Standard: Reproduction period-appropriate frames with round lenses. If you have a medical condition that requires tinted lenses, please contact us.
Exceeds Standard: Original period-correct glasses with round (not oval) lenses.
Unacceptable: Modern-framed glasses. 19th century oval frames. Tinted lenses or sunglasses (unless for a medical condition - see above).
Standard: Cheesebox or staved wooden canteen with interlocking wooden hoops (not iron/metal). Wooden canteens should have narrow 1" wide leather keepers, slung with a narrow cord/string, narrow woven hemp strap, or narrow leather strap. Period-correct wooden rundlet. If you are unable to acquire one of the aformentioned options, you may use a leather bottle (jack) or modern water bottle in a linen drawstring bag. Either of these must be carried in a pocket or knapsack and kept out of sight when not in use.
Exceeds Standard: NA
Unacceptable: Gourds. flasks, glass or ceramic bottles or jugs (covered or uncovered). Staved canteens with fake/non-interlocking wooden hoops, or iron/metal hoops. Kidney, crescent or oval tin canteens for militia impressions, stainless steel canteens, fabric-covered canteens.Modern water bottles not concealed in a linen drawstring bag, large keepers on wooden canteens. Cotton webbing straps.
See addendum document by Alex Cain (aka Historical Nerdery) "A Wooden Bottle Made With One Hoop" - Why Tin Canteens Were Not Carried By Massachusetts Militia Men at Lexington and Concord"
Standard: Period-correct wooden rundlet. Leather-covered pocket or saddle flask (note that these are small and fit in a coat pocket and are not suspended by a strap). Period-correct hand-blown glass bottle, without a carrying strap. Stoneware jug, without a carrying strap. Modern water bottle hidden in a linen drawstring bag and carried in a pocket or sack, kept out of sight when not in use.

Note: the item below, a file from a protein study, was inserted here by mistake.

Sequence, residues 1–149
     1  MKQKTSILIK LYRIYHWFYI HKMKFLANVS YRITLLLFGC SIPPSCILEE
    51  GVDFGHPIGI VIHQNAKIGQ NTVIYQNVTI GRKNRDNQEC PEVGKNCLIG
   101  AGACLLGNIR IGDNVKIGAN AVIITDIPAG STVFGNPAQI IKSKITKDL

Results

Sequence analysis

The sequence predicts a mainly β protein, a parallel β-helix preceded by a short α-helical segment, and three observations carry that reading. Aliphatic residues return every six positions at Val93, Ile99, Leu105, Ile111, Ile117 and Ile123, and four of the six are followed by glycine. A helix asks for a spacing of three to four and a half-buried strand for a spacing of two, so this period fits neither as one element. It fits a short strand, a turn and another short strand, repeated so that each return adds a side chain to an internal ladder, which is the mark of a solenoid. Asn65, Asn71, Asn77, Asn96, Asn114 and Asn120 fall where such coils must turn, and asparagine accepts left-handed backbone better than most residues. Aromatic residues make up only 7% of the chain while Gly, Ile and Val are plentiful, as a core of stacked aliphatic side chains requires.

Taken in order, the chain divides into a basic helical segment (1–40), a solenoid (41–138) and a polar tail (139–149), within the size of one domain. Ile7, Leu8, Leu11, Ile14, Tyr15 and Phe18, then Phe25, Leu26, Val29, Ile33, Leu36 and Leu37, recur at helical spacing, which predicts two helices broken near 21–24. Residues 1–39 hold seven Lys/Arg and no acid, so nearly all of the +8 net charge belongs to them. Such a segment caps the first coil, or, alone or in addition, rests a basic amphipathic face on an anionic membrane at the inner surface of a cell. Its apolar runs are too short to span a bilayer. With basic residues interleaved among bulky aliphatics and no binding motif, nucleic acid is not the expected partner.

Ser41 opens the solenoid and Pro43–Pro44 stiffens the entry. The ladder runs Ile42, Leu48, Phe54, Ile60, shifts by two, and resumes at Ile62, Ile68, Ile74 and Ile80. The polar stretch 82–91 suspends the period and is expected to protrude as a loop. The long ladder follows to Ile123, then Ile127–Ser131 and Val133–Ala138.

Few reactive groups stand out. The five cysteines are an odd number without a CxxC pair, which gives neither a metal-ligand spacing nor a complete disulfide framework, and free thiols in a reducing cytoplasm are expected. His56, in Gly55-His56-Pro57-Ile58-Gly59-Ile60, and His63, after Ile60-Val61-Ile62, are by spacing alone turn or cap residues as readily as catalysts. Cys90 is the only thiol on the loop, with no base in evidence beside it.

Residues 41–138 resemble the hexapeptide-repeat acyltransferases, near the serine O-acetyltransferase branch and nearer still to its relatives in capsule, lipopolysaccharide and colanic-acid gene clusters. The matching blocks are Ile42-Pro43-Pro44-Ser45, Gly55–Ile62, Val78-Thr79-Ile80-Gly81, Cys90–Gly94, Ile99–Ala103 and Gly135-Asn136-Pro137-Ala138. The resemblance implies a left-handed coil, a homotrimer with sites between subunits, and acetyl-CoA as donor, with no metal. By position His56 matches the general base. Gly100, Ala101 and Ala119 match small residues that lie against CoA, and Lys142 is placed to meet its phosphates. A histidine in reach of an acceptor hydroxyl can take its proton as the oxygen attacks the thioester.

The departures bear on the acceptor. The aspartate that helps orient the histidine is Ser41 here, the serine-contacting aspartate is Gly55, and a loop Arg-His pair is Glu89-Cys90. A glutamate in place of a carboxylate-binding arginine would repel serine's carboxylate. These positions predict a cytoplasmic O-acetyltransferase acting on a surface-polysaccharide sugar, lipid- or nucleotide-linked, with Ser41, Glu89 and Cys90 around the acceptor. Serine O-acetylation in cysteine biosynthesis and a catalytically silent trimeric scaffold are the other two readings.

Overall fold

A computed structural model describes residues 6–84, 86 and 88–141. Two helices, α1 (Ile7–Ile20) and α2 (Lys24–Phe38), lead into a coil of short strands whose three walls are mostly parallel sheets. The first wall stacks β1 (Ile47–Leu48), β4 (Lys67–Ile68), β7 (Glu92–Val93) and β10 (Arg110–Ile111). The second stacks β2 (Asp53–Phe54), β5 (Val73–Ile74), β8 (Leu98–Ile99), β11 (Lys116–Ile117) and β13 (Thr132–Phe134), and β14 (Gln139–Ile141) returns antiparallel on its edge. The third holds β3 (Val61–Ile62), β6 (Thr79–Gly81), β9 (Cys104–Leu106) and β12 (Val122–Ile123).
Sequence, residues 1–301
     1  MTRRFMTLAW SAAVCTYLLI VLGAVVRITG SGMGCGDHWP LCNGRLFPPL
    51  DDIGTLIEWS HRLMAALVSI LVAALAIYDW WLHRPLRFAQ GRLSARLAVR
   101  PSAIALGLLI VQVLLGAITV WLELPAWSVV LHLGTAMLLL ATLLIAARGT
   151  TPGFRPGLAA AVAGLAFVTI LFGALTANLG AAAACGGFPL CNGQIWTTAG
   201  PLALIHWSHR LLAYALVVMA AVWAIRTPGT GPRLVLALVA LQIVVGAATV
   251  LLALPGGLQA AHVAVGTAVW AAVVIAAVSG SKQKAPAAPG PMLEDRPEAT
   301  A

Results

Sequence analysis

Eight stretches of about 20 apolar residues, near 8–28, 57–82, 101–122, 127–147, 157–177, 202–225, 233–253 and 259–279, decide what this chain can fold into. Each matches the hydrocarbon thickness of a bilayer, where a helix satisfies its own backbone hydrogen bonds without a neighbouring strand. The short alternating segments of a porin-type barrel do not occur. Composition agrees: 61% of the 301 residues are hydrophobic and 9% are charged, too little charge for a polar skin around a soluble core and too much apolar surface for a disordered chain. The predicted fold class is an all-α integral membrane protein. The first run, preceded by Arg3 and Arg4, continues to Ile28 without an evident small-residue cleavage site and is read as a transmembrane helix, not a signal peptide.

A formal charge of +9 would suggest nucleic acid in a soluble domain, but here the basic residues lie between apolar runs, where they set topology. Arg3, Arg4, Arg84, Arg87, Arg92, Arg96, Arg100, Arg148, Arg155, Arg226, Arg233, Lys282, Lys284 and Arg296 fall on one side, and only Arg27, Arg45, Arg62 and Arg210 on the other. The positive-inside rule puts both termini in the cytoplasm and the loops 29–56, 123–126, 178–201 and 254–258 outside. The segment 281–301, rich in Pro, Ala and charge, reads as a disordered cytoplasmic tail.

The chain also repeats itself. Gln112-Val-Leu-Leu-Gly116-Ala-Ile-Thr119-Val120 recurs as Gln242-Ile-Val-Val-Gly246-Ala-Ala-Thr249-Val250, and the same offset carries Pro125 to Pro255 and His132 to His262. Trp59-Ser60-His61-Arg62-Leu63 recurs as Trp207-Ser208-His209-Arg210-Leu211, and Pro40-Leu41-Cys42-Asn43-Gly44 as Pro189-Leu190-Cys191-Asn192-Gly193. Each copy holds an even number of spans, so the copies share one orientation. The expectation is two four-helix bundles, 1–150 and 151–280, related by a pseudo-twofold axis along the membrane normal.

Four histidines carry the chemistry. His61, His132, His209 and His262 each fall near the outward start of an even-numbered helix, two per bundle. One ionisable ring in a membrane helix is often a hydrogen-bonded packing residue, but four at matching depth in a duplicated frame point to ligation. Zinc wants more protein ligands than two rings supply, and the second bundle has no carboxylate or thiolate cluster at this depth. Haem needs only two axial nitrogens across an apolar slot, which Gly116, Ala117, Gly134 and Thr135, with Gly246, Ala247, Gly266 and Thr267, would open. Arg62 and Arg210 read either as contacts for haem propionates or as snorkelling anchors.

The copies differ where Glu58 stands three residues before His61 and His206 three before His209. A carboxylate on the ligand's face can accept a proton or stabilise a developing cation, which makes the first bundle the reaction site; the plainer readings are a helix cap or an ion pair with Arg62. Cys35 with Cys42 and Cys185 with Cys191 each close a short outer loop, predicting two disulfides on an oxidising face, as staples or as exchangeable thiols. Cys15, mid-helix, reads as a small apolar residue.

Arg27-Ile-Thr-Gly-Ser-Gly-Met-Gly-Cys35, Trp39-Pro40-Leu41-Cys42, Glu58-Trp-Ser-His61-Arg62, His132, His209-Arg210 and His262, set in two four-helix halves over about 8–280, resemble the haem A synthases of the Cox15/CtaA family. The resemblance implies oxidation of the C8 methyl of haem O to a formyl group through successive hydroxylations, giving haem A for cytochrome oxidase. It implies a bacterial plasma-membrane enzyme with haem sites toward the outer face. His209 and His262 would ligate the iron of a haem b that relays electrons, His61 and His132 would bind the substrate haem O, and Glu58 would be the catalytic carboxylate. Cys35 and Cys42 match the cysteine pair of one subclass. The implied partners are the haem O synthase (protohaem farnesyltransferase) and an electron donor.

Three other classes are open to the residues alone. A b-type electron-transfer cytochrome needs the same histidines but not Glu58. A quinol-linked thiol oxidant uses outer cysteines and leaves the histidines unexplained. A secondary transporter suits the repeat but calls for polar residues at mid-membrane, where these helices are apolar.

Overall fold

Exceeds Standard: Period-correct wooden rundlet. Leather-covered pocket or saddle flask (note that these are small and fit in a coat pocket and are not suspended by a strap). Period-correct hand-blown glass bottle, without a carrying strap. Stoneware jug, without a carrying strap.
Unacceptable: Gourds. Flasks, bottles, or jugs suspended by carrying straps or cords. Leather bottles (“jacks”). Modern water bottles not concealed in a linen drawstring bag.
Standard: Hand or machine sewn plain single-pouch bag that conforms to the Captain David Uhl pattern. An “Uhl” pack should be made out of hemp canvas or heavy weight linen with a flap closure and two shoulder straps made of the same material as used for the bag. The flap should be closed with three buttons and buttonholes.
Exceeds Standard: All hand-sewn, otherwise detailed as above.
Unacceptable: Haversacks, Elisha Grose packs, Warner packs, Isaac Royal House knapsacks, British painted or goatskin knapsacks. “Snapsacks” (linen tubes with a drawstring at one end and one strap). Cotton canvas two-strap knapsacks. No knapsack, Market wallet or blanket roll in lieu of a knapsack.
See Documentation for knapsacks and blankets in use by the Massachusetts Militia in 1775 (U.S. National Park Service) (nps.gov)
Also see addendum documents by Alex Cain (aka Historical Nerdery) concerning haversacks and snapsacks.
Standard: Storing necessities in your pockets. So-called “market” wallets (usually unbleached linen). Linen pillow cases (white linen, unbleached linen, or linen ticking). Handkerchief bundles (made with period-appropriate handkerchiefs).
Unacceptable for all: Haversacks, Elisha Grose packs, Warner packs, Isaac Royal House knapsacks, British painted or goatskin knapsacks. “Snapsacks” (linen tubes with a drawstring at one end and one strap).
See addendum documents by Alex Cain (aka Historical Nerdery) concerning haversacks and snapsacks.
Standard: Hand or machine-woven wool or linsey-woolsey in plain, off-white, red, blue, or drab wool blankets. Modified Army/Navy blankets cut down to a smaller, more appropriate size (~60-65” wide). Appropriate blanket patterns include striped, checked, and plaid, and should closely resemble period blankets. 2- or 3-point blankets, rose blankets, Dutch blankets, and solid colored wool blankets are all appropriate. Solid colors include off-white, red, blue, and drab. Blankets can be tied to a pack or carried on a leather or hemp tumpline.